Multiple inadequacies and a lack of oversight at the Mesa Verde ICE Detention Facility in Bakersfield were found by state agencies and detailed in two reports released Tuesday.
Both the California State Auditor and the Attorney General investigated the 10 detention facilities in the state that house immigrants for U.S. Immigration and Customs Enforcement. The agencies reported that local governments had fallen short of their oversight responsibilities, and detainees experienced prolonged periods of confinement without breaks and difficulties with access to medical care.
“The report highlights what advocates and legal providers have been speaking about for many years now,” said Ambar Tovar, an attorney with the United Farm Workers Foundation that represents multiple clients held at Mesa Verde. “As a whole, I’m sure I join other advocates and other legal representatives in that we’re condemning this to the highest level.”
The Attorney General’s report found that during ICE’s most recent inspection of the facility, which occurred in 2016, Mesa Verde was not in compliance with 12 of 16 standards set by the federal department.
Deficiencies were found in areas including food service, medical care, telephone access, and sexual abuse and assault prevention.
Geo Group Inc., a private company that runs Mesa Verde, pushed back against the characterization.
“On a daily basis, members of The GEO Group team strive to treat all those entrusted to our care with compassion, dignity, and respect,” Geo said in a statement. “We will continue to work with our government partners, as we always have, to ensure that the facilities we manage meet or exceed the strict standards set by the federal government and adhere to guidelines set by leading third-party accreditation agencies.”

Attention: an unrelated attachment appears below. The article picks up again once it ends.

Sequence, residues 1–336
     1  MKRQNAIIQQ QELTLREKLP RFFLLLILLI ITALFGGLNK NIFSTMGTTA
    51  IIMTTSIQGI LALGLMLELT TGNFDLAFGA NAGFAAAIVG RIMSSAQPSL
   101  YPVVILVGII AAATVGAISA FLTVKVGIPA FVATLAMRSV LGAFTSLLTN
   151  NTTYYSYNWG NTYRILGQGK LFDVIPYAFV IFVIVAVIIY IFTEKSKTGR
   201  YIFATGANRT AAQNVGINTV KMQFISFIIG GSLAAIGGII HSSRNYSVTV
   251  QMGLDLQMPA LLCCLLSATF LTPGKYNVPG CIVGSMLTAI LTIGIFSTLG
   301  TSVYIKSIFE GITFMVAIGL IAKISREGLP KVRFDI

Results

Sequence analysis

Although the last ICE inspection of Mesa Verde appears to have taken place as late as 2016, an ICE spokesperson said the agency was committed to upholding its standards.
“All facilities that house ICE detainees must meet rigorous performance standards, which specify detailed requirements for virtually every facet of the detention environment,” ICE spokesperson Richard Rocha said in a statement. “The safety, rights and health of detainees in ICE’s care are of paramount concern and all ICE detention facilities are subject to stringent, regular inspections.”
Mesa Verde, which first opened in 2015 on Golden State Avenue, houses around 400 detainees, mostly from Mexico, although others come from places as far-flung as China and Cameroon.
Some of the detainees are in the process of requesting asylum, and many are in the midst of complex legal cases.
Even though the facility is in Bakersfield, ICE entered into an intergovernmental services agreement with the city of McFarland to house detainees at Mesa Verde. McFarland in turn contracted Geo Group to run the facility, taking little role in its day-to-day functions.
The agreement earned the city $35,000 per year, but McFarland pulled out of its agreement with ICE in December 2018, forcing ICE to find another partner to keep the detention center open.
Now, nobody seems to know whether Mesa Verde will continue to be open past March 19, the date at which McFarland’s agreement with ICE is set to end.
In the meantime, the California Auditor’s report said that ICE had paid Geo Group $49.8 million in the past three fiscal years to operate Mesa Verde.
The report also called out McFarland officials for not providing adequate oversight of the facility.
“We found that three cities — Adelanto, McFarland, and Holtville — subcontracted to private operators nearly all of their responsibilities under their ICE contracts,” the report stated. “The cities provide little or no oversight of the private operators and simply passed federal payments from ICE to these subcontractors despite the fact that federal inspections have found serious health and safety problems at these private detention facilities.”
McFarland City Manager John Wooner did not respond to requests for comment.
Those that visit Mesa Verde say detainees are housed in four large dorm rooms that house about 100 people, and must stay in those rooms for 22 hours per day, with few activities except an occasional art therapy class.
The reports could be the first step in a long process. The Attorney General’s office said its review of California detention facilities was ongoing.
“We’re committed to upholding the welfare of all people in California, including those in local detention facilities pending immigration proceedings,” Attorney General Xavier Becerra said in a statement. “At the California Department of Justice, we will continue to review detention facilities in our state and shine much-needed light on civil detention conditions.”